Davies, G. Elfed (Rhondda, E.) MoCann, John Slater, Joseph
Davies, Rt. Hn. Harold (Leek) Macdonald, A. H. Snow, Julian
Davies, S. O. (Merthyr) McElhone, Frank steele, Thomas (Dunbartonshire, W.)
Delargy, H. J. Mackenzie, Gregor (Rutherglen) Stonehouse, Rt. Hn. John
Dewar, Donald Mackie, John Summerskill, Hn. Dr. Shirley
Dickens, James Maclennan, Robert Taverne Dick
Dobson, Ray McNamara, J. Kevin Tinn, James
Doig, Peter Mahon, Peter (Preston, S.) Urwin, T. W.
Dunn, James A. Mahon, Simon (Bootle) Varley, Eric G.
Dunwoody, Mrs. Gwyneth (Exeter) Mallalieu, E. L. (Brigg) Wainwright, Richard (Colne Valley)
Dunwoody, Dr. John (F'th & C'b'e) Marks, Kenneth Walker, Harold (Doncaster,)
Edwards Robert (Bilston) Marquand, David Wallace, George
Edwards, Robert (Bilston) Marquand, David Watkins, David (consett)
Ellis, John Marsh, Rt. Hn. Richard Watkins, Tudor (Brecon & Radnor)
Evans, Fred (Caerphilly) Mendelson, John Whitaker, Ben
Evans, Ioan L. (Birm'h'm, Yardiey) Millan, Bruce Whitlock, William
Fernyhough, E. Miller, D. M. s. Willey, R. Hn. Frederick
Finch, Harold Milne, Edward (Blyth) Williams, Alan Lee (Hornchurch)
Fitch, Alan (Wigan) Mitchell, R. C. (s'th'pton, Test) Wilson, William (Coventry, S.)
Ford, Ben Molloy, William Woodburn, Rt. Hn. A.
Fraser, John (Norwood) Murgan, Elystan (Cardiganshire)
Galpern, sir Myer Morris, Alfred (wythenshawe)
Golding, John Morris, Charles R. (Openshaw) TELLERS FOR THE NOES:
Grey, Charles (Durham) Moyle, Roland Mr. Neil McBride and
Griffiths, Eddie (Brightside) Norwood, Christopher Mr. Ernest G. Perry.

Proposed Amendment agreed to.

8.30 p.m.

Mr. Goronwy Roberts

I beg to move leave out subsection (3) and insert:

(3) If any amount which, under the preceding provisions of this section is payable to a seaman is not paid at the time at which it is so payable, the seaman shall be entitled to wages at the rate last payable under the crew agreement for every day on which it remains unpaid during the period of fifty-six days following the time of discharge; and if any such amount or any amount payable by virtue of this subsection remains unpaid after the end of that period it shall carry interest at the rate of 20 per cent. per annum.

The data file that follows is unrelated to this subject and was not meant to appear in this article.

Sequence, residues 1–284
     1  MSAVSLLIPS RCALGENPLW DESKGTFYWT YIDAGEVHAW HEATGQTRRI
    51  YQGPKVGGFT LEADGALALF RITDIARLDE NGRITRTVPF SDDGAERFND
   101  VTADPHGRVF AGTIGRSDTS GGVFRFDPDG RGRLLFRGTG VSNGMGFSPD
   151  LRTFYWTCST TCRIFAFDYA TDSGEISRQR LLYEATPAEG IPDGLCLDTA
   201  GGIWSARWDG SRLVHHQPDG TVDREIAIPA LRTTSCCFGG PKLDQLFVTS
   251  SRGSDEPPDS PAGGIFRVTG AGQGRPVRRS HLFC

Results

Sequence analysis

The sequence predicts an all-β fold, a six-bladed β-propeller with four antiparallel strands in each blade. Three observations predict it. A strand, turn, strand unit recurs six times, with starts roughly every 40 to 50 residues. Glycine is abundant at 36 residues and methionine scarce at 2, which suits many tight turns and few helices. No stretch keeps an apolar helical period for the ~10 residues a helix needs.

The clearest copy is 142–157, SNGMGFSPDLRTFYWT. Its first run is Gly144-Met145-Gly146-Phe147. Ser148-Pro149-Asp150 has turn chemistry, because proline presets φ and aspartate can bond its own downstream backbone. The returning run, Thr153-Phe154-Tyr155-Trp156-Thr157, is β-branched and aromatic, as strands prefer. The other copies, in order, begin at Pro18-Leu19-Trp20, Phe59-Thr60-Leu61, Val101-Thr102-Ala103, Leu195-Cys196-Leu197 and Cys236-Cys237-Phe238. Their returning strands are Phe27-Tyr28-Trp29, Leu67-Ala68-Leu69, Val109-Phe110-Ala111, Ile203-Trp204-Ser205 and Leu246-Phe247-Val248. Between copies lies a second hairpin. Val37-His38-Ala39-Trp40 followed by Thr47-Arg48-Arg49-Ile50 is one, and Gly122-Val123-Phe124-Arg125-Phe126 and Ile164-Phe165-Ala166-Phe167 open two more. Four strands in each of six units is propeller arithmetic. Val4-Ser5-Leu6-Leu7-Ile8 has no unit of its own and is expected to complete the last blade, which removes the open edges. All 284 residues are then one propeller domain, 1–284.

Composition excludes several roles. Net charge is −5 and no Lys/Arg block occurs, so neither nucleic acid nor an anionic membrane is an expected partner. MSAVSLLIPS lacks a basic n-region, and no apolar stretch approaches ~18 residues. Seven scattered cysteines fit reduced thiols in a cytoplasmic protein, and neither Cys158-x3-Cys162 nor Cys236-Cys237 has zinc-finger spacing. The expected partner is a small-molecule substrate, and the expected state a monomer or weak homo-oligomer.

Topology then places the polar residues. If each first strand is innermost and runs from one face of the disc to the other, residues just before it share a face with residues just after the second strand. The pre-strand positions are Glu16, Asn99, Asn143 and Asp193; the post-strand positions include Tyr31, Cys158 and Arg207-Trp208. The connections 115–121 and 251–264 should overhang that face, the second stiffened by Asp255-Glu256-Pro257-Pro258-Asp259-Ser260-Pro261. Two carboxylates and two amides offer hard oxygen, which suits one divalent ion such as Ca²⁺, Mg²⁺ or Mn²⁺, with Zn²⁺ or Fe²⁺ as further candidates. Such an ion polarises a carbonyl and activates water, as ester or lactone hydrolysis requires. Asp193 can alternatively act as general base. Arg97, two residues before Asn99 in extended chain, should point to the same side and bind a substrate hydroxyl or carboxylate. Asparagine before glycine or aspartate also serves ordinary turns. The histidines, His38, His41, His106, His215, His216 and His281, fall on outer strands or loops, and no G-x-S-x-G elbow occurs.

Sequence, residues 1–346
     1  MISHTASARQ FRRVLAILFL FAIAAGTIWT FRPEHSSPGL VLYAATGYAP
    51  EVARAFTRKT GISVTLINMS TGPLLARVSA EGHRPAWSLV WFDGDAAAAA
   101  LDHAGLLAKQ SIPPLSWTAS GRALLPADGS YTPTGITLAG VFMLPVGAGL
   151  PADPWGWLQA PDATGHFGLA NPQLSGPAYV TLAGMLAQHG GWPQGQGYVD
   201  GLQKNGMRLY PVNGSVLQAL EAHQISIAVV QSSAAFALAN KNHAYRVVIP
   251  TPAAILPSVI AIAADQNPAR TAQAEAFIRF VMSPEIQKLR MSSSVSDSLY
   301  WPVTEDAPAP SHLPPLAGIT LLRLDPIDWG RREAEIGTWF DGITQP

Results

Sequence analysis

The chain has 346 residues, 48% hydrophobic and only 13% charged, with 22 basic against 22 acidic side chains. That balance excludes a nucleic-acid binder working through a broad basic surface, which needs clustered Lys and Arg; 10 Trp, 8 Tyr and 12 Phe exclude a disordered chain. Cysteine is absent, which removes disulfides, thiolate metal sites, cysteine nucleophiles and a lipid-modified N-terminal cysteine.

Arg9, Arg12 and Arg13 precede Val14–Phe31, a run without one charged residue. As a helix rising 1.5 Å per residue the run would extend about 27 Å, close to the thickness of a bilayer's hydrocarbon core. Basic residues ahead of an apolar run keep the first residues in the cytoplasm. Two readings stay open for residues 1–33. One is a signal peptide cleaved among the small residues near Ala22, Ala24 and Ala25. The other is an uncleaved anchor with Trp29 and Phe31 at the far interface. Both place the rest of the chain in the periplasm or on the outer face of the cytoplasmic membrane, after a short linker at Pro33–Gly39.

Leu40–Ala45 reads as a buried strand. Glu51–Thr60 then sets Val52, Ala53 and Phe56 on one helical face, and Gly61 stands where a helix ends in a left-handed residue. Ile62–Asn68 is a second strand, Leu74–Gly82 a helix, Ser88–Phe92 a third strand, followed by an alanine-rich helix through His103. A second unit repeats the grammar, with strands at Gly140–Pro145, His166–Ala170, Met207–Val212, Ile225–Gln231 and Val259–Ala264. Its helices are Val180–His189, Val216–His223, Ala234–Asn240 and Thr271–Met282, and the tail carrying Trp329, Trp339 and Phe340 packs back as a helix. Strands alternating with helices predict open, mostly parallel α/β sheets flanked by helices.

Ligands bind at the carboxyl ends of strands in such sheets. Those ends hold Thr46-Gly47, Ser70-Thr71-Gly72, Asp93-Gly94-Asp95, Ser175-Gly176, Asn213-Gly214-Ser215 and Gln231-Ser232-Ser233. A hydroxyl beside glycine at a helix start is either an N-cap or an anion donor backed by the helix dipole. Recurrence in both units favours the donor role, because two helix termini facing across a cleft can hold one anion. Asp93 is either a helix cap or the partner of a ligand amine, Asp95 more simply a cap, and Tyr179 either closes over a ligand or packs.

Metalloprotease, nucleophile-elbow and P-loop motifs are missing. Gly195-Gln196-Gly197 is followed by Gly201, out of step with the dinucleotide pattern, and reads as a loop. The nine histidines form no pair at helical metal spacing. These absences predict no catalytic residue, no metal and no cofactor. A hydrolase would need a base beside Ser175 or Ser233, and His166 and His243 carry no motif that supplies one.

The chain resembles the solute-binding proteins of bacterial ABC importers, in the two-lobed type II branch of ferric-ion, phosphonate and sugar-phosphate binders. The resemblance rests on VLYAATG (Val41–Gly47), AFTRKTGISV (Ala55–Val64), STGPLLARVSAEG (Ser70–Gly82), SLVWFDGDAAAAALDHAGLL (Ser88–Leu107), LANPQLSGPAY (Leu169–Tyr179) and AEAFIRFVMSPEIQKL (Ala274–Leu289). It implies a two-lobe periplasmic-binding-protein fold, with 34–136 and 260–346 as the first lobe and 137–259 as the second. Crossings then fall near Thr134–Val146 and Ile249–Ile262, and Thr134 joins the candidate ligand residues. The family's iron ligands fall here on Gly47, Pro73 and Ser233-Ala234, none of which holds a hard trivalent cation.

Amendment No. 9, in page 5, line 10,

Mr. Deputy Speaker

With this Amendment I suggest we take sub-Amendment (e), in line 2, leave out from 'payable' to 'it' in line 6.

Sub-Amendment (f), in line 6, at end insert: Provided that the obligation under this subsection to pay wages for a period not exceeding fifty-six days shall not apply in respect of any period during which the seaman is again employed. and sub-Amendment (g), in line 6, at end insert: Provided that this subsection shall not apply to any sum retained by the persons employing the seaman in respect of which there is a bona fide dispute, or a mistake has been made, or such persons claim bona fide to be entitled to a set off or counterclaim against the seaman.

Mr. Roberts

This Amendment makes drafting alterations to Clause 8(3), which was amended in Committee. This provides that in the event of non-payment contrary to these provisions wages would run for 56 days and thereafter there would be interest of 20 per cent. on any amount unpaid. The Amendment is solely a drafting matter and makes no change of substance in the Amendment adopted by the Committee.

Mr. Deputy Speaker

I would announce to the House that Mr. Speaker has selected sub-Amendment (e) to be moved for a Division if called.

Mr. Wingfield Digby

I beg to move, the Amendment to the proposed Amendment, in line 2, leave out from "payable' to 'it' in. line 6.

We have already had a considerable discussion of the main points involved. We are agreed that it is important that wages should be paid as accurately as possible to seamen after they have been discharged. It has been agreed that masters are under special difficulties because they have to prepare their accounts in some cases themselves or in other cases they have people to help them. This work usually takes place when they are approaching port when, of course, their responsibilities are at their greatest. We should like to move certain Amendments to this Amendment. The effect is to ensure that wages will not be payable for the first 56 days as well as involving the 20 per cent. interest.

Some comment was made on this matter by the Pearson Committee, which took the view that this was unduly severe.

There was discussion about this matter in Committee, but we did not go into very great detail. We believe that the Minister was under some misapprehension in Committee as to what, in fact, Pearson recommended. The relevant paragraph of Pearson is paragraph 373, which says that such an intention is sound but any provision would be too drastic as a deterrent. It is certainly desirable that owners should be deterred from being remiss and paying late, but Amendment No. 9 appears to be too hard.